University of North Dakota, Grand Forks, N.D. This research will develop the heat transfer and deposition predictive tools and surface protective cooling technologies which allow for the reliable design of leading edge cooling schemes in a syngas environment. This research is important since it has been found that cooling the leading edge of a first stage of a modern gas turbine offers considerable challenges due to an aggressive heat transfer environment and a very modest pressure difference for cooling.

The University of North Dakota studies will be performed at three different experimental rigs to investigate: the effects of leading edge diameters on stagnation region deposition rates and heat transfer augmentation under a variety of conditions; the effectiveness levels for film cooling geometries on both smooth and rough surfaces; and new internal cooling methods which may be able to accommodate stagnation region heat loads at the aggressive inlet temperatures of modern gas turbines. (DOE share: $500,000; recipient share: $125,000)

Louisiana State University and A&M College, Baton Rouge, La. This project will develop novel molecular dynamics methods to improve the efficiency of novel TBC materials, and demonstrate the new TBC systems under IGCC environments. Because computational materials based TBC design tools are currently not available, this research offers the possibility for completely new efficient TBC computational design tool, making a step change to current advanced TBC design methodology.

In this research project, the most promising TBC compositions will be subject to high performance computing, material characterizations, and oxidation and corrosion tests, including a High Temperature/High Pressure Durability Test Rig to evaluate the durability of the coatings. (DOE share: $504,863; recipient share: $129,808)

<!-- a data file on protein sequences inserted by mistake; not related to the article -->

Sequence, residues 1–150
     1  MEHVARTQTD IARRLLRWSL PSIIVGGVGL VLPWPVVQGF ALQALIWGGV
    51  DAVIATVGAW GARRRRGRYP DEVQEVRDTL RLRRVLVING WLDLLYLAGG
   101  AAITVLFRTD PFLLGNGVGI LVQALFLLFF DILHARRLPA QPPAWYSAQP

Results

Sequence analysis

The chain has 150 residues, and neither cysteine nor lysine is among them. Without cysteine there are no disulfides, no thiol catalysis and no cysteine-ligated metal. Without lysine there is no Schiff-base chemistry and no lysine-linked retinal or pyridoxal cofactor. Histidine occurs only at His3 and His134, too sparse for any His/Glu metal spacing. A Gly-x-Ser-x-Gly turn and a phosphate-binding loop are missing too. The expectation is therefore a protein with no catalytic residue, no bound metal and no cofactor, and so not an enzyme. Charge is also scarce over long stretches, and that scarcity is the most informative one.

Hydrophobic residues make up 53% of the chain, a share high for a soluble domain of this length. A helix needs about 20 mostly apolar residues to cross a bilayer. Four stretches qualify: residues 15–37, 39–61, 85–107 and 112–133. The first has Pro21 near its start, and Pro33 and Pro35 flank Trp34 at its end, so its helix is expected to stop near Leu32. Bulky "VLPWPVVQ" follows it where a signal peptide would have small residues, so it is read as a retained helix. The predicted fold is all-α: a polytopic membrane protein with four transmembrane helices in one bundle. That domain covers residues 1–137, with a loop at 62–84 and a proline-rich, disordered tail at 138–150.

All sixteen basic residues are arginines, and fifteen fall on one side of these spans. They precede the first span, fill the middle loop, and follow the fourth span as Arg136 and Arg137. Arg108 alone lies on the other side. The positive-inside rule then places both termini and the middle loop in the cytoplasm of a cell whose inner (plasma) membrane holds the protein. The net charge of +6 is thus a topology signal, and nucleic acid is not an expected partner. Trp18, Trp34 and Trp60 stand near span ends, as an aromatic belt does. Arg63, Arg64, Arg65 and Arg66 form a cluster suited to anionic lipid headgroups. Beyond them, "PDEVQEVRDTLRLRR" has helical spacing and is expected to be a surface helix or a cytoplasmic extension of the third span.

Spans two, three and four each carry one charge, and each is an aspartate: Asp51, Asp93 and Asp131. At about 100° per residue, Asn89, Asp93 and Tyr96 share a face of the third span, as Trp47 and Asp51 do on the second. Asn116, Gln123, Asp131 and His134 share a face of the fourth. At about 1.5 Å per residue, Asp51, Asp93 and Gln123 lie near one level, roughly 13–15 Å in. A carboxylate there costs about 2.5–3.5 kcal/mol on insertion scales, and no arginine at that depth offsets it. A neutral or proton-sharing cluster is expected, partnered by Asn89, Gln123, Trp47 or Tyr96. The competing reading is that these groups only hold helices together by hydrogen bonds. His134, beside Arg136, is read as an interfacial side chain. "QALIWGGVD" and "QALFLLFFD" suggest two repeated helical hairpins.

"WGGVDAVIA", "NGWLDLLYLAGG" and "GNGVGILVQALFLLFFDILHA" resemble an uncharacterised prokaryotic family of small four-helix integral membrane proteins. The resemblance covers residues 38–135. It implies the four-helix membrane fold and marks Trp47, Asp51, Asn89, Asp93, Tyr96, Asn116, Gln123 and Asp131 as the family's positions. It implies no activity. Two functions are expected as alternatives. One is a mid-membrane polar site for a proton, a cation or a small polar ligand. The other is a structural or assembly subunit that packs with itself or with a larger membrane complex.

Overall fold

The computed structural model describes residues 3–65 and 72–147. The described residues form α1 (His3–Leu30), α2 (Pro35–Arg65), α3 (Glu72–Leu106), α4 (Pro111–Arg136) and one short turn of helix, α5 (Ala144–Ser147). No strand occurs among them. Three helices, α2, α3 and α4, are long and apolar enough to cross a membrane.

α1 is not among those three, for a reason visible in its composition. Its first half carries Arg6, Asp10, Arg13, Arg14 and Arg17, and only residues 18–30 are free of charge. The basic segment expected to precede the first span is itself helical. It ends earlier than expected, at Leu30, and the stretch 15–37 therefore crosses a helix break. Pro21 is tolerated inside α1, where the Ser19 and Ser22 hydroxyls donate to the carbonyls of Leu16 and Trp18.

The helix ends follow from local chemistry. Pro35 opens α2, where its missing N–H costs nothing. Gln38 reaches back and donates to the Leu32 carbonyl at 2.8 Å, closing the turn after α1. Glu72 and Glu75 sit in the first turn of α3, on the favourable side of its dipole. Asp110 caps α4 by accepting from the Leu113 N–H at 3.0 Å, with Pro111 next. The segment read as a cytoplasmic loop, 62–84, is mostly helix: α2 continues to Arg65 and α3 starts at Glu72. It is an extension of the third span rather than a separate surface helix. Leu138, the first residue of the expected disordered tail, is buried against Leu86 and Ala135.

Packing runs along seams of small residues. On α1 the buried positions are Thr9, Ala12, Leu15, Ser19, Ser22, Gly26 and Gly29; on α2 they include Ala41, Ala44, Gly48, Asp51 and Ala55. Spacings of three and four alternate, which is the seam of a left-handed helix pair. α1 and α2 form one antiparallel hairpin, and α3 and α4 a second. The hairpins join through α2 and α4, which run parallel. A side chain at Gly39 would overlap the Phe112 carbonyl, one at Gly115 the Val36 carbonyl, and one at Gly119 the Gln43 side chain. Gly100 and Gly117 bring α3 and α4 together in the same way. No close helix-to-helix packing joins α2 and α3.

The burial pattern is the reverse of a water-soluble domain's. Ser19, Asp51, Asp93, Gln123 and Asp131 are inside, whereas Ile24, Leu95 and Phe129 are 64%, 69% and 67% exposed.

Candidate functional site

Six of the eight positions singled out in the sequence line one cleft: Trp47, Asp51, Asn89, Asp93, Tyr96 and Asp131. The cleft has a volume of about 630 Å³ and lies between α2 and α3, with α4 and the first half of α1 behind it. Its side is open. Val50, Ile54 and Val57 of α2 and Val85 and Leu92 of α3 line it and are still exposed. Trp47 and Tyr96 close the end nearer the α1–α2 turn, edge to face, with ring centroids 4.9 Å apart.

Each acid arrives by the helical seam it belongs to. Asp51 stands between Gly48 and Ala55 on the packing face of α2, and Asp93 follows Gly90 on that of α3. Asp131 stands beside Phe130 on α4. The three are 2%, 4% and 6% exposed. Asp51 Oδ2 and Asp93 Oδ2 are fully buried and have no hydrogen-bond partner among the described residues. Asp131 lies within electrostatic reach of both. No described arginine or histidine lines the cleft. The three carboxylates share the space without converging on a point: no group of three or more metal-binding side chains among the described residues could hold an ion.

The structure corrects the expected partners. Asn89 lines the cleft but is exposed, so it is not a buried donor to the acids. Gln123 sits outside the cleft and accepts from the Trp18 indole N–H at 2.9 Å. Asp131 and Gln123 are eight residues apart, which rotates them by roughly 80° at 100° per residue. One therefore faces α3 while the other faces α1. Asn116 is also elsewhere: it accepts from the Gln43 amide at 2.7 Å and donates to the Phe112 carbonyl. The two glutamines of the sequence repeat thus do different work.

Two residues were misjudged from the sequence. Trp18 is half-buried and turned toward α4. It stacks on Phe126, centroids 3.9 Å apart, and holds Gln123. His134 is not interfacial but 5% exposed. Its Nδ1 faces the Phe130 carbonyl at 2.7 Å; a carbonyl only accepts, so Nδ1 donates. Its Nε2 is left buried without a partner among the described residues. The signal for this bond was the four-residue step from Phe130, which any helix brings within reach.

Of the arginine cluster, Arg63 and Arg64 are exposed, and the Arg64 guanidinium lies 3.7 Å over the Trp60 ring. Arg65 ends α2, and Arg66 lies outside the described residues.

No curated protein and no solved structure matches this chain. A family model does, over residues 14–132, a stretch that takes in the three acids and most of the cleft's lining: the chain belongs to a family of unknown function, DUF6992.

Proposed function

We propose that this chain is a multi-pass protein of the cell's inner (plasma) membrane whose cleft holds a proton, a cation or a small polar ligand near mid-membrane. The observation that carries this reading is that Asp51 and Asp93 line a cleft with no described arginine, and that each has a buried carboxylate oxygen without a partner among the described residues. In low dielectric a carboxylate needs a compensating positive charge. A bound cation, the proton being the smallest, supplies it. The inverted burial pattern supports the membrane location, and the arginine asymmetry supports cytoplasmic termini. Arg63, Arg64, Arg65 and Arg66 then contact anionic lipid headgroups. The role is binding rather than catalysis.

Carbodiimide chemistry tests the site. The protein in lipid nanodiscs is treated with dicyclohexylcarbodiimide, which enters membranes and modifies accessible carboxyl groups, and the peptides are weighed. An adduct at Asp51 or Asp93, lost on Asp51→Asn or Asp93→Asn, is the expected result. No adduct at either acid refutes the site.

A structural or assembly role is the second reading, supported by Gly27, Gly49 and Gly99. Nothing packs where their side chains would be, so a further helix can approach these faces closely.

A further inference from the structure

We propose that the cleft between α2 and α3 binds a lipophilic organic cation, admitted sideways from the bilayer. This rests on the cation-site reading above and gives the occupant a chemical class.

University of California-Irvine, Irvine, Calif. This project will investigate degradation mechanisms of hot-turbine hot section component protective oxides and high-temperature TBCs unique to coal-derived syngas and HHC fuel. This research is important because preliminary testing has shown that the chemical composition and growth kinetics of protective thermally grown oxides (TGOs) are substantially altered for turbine systems operating on syngas and HHC fuels. Thus, one key objective of this new research project is to identify the root cause this anomalous oxidation behavior and develop mitigation strategies.

This project will address thermo-chemical and thermo-mechanical mechanisms by correlating results of accelerated coating degradation with the syngas/HHC environment and the impurities characteristics of coal-derived syngas and HHC fuels. This improved mechanistic understanding of the degradation of critical turbine system materials in HHC-fueled systems may also guide the development of more robust materials sets that could be important to the gas turbine industry. (DOE share: $500,000; recipient share: $125,000)

Stony Brook University, Stony Brook, N.Y. This project will explore the science and technology of advanced TBCs in IGCC turbines that use HHC fuels. Recent research data indicate that the current bill of coating materials is not directly translatable to the moisture-rich, ash-laden environment present with syngas/HHC fuels. Thus, the Stony Brook University research focuses on a multi-layer, multifunctional strategy comprising of discretely engineered coating layers to combat the various technical issues through a concerted effort integrating material science, processing science and performance studies, including recent developments in advanced in-situ thermal spray coating property measurement for full-field enhancement of coating and process reliability.